Lebanon’s Prime Minister Hassan Diab believes an early parliamentary election could help solve his nation’s crisis. That would indeed remove his responsibility to tackle the triple crises which have dragged Lebanon over a cliff.
An economy on its knees, a deadly virus ravaging the population coupled with an explosion that destroyed or damaged half of the capital, not to mention a population united in its fury against those in power present a bleak picture which even the very best of governments would struggle to cope with.
I wouldn’t be surprised if he’s secretly champing at the bit to disappear into the sunset.
The inescapable truth is that Hassan Diab’s government like many of those that went before ranks with the very worst on the planet.
French President Emmanuel Macron arrived in Beirut to see the damage for himself and to offer comfort to a grieving nation. Surprisingly he was mobbed in the street as a saviour. All he needed was a white horse
No matter how many parliamentary or cabinet deck chairs are shuffled or how many new faces on seats Lebanese politicians are almost all cut from the same corrupt, wheeler-dealing, sectarian-centred cloth. For decades the system has been manipulated to ensure influential political dinosaurs protected by armed militias wield power within certain spheres.
Iran's influence in Lebanon
That said for their own survival they are obliged to fall in with the diktats of the country’s biggest cheese Hezbollah’s Secretary-General Hassan Nasrallah, whose loyalties rest with the ayatollahs in Iran while claiming to be a Lebanese patriot.
Among the many leading figures he influences is the Lebanese President Michel Aoun, a Maronite Christian who heads the Free Patriotic Movement which signed a Memorandum of Understanding with Hezbollah in 2006.
None of the joint aspirations within that MOU have been achieved yet the Movement continues to legitimise an organisation that most of the western world and many in the Arab world have branded terrorist.
Hezbollah’s tentacles are not only wrapped around South Lebanon and the southern suburbs of Beirut, they have infiltrated the Lebanese armed forces.
They also control government ministries and, according to several Lebanese commentators, the now decimated port where almost 3,000 tons of confiscated ammonium nitrate were stored in an unsecured warehouse for the past six years. In spite of government officials being alerted of the danger on numerous occasions. Tens of port employees aka fall guys have been arrested.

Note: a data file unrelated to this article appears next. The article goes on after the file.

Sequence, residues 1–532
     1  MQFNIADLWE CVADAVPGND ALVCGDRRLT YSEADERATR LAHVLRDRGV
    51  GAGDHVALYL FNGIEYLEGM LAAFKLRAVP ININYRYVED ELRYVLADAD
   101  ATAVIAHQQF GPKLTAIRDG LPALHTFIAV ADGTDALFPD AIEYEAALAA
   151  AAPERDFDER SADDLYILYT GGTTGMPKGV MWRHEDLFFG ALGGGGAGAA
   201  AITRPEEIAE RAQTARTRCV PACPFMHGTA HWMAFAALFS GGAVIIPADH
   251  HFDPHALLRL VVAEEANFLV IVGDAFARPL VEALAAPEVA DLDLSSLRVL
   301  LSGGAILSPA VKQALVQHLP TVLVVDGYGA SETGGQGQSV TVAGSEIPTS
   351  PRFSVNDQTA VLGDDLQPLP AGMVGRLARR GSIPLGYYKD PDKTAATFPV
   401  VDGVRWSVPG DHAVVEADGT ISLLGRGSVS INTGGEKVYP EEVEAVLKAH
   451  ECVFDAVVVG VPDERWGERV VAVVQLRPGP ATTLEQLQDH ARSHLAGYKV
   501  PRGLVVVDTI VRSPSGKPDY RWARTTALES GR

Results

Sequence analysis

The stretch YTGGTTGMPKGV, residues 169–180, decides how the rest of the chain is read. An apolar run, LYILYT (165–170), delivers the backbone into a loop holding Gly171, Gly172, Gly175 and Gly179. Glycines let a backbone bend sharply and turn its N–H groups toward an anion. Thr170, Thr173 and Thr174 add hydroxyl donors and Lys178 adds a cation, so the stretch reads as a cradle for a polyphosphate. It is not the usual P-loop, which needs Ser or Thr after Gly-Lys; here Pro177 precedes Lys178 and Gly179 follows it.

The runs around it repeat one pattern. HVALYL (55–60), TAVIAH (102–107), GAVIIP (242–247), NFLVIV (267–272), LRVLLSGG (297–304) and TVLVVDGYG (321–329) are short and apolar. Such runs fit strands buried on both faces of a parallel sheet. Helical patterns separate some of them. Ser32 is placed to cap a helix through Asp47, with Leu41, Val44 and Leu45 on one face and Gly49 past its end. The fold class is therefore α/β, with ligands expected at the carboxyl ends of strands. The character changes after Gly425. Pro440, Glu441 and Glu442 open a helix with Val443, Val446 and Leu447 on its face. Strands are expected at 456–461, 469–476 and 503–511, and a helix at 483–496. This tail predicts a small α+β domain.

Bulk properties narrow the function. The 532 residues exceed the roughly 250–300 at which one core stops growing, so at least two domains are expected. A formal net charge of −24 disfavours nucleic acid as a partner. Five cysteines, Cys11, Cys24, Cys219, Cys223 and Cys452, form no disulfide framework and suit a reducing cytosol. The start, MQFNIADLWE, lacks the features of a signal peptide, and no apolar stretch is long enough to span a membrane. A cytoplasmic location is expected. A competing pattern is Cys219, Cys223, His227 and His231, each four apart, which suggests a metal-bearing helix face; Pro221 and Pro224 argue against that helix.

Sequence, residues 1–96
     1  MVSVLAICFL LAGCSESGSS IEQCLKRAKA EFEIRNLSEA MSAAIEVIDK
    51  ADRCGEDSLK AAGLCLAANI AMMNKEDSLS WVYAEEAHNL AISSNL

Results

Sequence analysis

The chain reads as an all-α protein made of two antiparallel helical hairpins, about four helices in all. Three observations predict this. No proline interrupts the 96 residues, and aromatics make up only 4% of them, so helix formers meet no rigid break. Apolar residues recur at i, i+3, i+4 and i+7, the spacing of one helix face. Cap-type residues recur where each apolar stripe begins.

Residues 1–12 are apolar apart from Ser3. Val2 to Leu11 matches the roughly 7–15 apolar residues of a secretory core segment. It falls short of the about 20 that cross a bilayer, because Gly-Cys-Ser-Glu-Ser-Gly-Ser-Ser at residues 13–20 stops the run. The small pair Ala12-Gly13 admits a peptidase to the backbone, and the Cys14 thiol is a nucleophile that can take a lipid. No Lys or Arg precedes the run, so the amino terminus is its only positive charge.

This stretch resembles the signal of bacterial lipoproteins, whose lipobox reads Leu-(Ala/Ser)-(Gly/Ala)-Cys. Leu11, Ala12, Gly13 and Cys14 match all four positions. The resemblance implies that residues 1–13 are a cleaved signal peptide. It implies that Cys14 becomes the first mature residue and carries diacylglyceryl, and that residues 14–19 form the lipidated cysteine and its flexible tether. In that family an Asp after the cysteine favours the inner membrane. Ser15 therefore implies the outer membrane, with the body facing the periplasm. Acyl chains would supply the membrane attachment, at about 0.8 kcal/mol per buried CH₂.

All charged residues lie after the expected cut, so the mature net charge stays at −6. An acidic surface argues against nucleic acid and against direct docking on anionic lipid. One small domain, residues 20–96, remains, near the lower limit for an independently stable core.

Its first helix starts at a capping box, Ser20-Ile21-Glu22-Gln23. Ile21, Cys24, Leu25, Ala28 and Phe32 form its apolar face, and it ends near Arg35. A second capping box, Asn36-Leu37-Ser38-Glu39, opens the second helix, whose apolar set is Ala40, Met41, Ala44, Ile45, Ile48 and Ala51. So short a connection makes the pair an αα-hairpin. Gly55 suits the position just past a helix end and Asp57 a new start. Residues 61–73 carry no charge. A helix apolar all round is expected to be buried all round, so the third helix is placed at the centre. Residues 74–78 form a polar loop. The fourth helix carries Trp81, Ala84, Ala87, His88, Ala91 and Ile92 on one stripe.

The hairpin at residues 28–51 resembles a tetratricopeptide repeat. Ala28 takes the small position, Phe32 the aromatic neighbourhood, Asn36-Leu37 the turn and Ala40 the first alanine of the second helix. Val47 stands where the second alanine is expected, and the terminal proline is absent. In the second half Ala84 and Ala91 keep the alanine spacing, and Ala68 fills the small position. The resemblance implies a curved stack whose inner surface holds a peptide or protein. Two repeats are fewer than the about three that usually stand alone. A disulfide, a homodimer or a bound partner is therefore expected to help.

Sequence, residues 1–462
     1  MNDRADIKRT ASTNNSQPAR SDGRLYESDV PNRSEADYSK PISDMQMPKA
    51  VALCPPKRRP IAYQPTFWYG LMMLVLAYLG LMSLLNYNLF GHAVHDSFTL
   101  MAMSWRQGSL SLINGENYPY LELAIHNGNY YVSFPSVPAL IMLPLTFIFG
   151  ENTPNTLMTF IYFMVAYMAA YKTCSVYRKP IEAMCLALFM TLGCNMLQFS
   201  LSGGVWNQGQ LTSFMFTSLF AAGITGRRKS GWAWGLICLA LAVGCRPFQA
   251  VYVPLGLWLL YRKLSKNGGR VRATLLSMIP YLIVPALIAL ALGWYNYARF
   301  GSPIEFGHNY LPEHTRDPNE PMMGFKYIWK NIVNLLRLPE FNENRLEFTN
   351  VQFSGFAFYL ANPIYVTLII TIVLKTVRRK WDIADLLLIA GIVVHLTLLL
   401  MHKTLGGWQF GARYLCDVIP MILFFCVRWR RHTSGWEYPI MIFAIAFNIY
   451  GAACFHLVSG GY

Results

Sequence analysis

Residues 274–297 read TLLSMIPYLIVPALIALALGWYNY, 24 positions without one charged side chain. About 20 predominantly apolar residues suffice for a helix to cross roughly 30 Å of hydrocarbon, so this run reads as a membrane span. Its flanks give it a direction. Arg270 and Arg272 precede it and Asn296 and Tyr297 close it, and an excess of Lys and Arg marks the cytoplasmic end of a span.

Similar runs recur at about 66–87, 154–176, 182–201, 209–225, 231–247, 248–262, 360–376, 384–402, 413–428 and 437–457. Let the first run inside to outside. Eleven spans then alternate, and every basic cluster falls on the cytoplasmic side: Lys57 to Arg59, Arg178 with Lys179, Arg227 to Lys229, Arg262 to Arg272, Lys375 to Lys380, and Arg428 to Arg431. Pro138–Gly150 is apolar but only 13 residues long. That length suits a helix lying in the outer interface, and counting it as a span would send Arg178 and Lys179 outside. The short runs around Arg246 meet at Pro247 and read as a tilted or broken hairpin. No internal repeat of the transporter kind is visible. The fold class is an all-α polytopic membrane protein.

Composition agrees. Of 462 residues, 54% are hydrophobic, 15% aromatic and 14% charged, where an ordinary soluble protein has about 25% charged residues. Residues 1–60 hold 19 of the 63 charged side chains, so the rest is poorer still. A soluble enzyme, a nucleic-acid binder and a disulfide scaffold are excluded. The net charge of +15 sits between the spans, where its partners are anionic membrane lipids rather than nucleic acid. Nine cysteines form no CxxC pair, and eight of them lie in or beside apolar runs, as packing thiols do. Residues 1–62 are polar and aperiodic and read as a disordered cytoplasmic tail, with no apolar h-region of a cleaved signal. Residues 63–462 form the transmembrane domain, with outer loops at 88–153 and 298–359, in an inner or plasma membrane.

Nasrallah would certainly have been aware of the danger because in 2016 he warned Israel that Hezbollah’s rockets were capable of killing many thousands of Israelis simply by targeting ammonium nitrate stored within the port of Haifa. Israel took the threat seriously and promptly moved the chemicals.
One is left to wonder why international journalists were barred from visiting ground zero in the aftermath and why the President has refused an international investigation into the incident despite the people’s clamour for transparent justice for the victims’ families and for all who have lost their homes and businesses.
Resilience of the people
The Lebanese are a stoic people accepting life’s knocks with fortitude and good humour but after decades of civil war, conflicts with Israel, a de facto Syrian occupation, joblessness, electricity cuts, mountains of garbage polluting streets and rivers, and now a currency heading towards worthlessness, they’ve had enough.
They will no longer accept lipstick being smeared on their political system; they demand the end to the divisive confessional system inherited from France as well as a fresh new leadership committed to putting the people’s well being before its own interests.
No doubt propelled by the shared history, culture and language that bind France and Lebanon, the French President Emmanuel Macron arrived in Beirut to see the damage for himself and to offer comfort to a grieving nation. Surprisingly he was mobbed in the street as a saviour.
All he needed was a white horse. People told him not to give a single Euro to their corrupt government; others begged him to free Lebanon from Hezbollah while others called for a ten-year French mandate, a call echoed by a petition that garnered more than 61,000 signatures in 24 hours before it was taken down.
That more than anything proves that the Lebanese have lost all trust in their own politicians to lift them out of the quicksand.
Without doubt Macron is well intentioned but he has no magic bullet. He wants a new pact between the political elite and the people and he made it clear that while he will coordinate international aid there will be no major aid monies flowing into the hands of the Lebanese government.
A conference on Sunday was scheduled to be attended by representatives of the EU, the UK, China, Russia, Egypt, Jordan and others designed to generate emergency support. The Arab League is also mobilising its members to that end.
Lebanon will be rebuilt and in the meantime ordinary folk are clearing away the rubble and are offering shelter to those the blast rendered homeless. Many countries have donated supplies of medicines, medical equipment and food for the hungry.
With so much genuine goodwill, this too will pass. But the tragedy is that as long as Hezbollah calls the shots Lebanon’s potential as a prime tourist, business, banking and investment destination as it was in its heyday cannot be fulfilled.
— Linda S. Heard is an award-winning British political columnist and guest television commentator with a focus on the Middle East.